“China has much more sophisticated capabilities,” he said. “They’re targeting critical infrastructure networks, internet infrastructure networks that have impacts in Africa. Just in terms of size, the ability or the scale of Chinese cyber espionage is far greater than that of Russia.

“But rather than having a targeted, stealthy actor [in Russia] and a large, noisy actor [in China], you now have a large, stealthy actor in China as well. So, it’s kind of the worst of both worlds.”

Shires believes that countering these changing strategies requires transparency, persistence and international cooperation. Here is a breakdown of those topics:

Transparency: Sunshine is said to be the best disinfectant. In terms of cyberattacks, public attribution is the naming of a malign actor as the responsible party. “Attention is a good thing, and attention often galvanizes policy responses,” Shires said. “You’re not expecting a reaction from the malicious actor or the particular state that’s being reported on, but you are changing the public perception. That’s a long-term change. But more reliable reports in the public domain make a massive difference to what can be done in the policy space on these issues.”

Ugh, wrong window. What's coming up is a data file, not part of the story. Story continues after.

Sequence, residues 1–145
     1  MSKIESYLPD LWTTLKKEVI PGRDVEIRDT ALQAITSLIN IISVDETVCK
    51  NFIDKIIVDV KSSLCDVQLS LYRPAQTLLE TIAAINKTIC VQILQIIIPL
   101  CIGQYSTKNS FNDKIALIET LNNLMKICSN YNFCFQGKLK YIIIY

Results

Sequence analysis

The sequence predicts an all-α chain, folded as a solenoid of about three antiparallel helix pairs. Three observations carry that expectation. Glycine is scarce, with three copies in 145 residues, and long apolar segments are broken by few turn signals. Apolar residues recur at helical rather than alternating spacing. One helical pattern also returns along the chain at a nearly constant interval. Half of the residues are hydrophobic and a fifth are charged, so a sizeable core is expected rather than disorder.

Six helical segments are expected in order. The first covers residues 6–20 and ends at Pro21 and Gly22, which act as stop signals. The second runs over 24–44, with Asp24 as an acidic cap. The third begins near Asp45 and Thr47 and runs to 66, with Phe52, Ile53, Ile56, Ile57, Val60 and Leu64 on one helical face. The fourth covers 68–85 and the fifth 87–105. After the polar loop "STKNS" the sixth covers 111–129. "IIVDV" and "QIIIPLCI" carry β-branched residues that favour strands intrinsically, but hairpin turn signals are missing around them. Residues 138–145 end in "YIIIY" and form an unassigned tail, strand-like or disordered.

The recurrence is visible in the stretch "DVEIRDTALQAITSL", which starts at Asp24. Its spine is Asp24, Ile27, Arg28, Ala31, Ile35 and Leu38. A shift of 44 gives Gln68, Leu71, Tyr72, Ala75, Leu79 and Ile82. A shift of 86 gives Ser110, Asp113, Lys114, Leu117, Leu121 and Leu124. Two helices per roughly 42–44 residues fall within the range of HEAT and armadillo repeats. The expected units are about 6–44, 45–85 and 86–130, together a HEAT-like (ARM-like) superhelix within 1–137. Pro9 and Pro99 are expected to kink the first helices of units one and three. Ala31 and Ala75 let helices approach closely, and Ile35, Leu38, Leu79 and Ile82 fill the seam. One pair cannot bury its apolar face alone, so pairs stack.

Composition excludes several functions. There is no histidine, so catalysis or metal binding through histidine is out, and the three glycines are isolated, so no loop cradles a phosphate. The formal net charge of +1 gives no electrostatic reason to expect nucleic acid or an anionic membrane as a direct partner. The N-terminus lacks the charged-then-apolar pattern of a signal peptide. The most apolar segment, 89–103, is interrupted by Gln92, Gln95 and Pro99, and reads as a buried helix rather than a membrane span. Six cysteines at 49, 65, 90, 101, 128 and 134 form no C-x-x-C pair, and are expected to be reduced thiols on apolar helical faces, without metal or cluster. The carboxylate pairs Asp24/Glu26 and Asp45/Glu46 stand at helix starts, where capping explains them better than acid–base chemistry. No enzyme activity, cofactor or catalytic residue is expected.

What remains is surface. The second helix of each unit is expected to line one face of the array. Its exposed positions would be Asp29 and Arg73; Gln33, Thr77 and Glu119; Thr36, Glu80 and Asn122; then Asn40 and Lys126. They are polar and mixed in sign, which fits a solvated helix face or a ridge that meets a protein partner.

Kenyan President William Ruto, left, watches a demonstration of Gava Mkononi, the digital government services hub, on June 30, 2023, at the Kenyatta International Convention Centre in Nairobi. REPUBLIC OF KENYA

Persistence: “Over time, the volume of incidents begins to skew both public perception and political perception of [malign actors]. So that’s the indirect result of transparency. But you need transparency plus persistence to achieve that. Because if, for example, in Kenya, China is perceiving that its hacking operations are causing problems with the Kenyan government due to public releases and condemnation of them over time, then that might factor into diplomatic negotiations and then finally into actual cooperation.”

International cooperation: Countries could have more power if they join together to denounce cyberattacks. Shires said countries could make a statement on a regional or continental basis to say: “‘We agree that this is a red line.’ There are well-publicized norms out there that say cyberattacks against critical infrastructure or defensive organizations are out of bounds. And so, if there’s international cooperation within Africa on trying to reinforce those norms, that would be an extremely positive step.”

Collard agrees with the need for a broad coalition of international and regional partners to work with African officials in funding and developing cybersecurity infrastructure, talent, strategies and responses to attacks.

“We need collaboration across private and public sectors and the international community to assist African states with capacity-building and raising awareness among decision- and policymakers, as well as the general public,” she said, because the threats will only continue to grow.

“The majority of cybersecurity incidents go unreported or unresolved, meaning that cyberthreats in Africa are likely much worse than recognized.”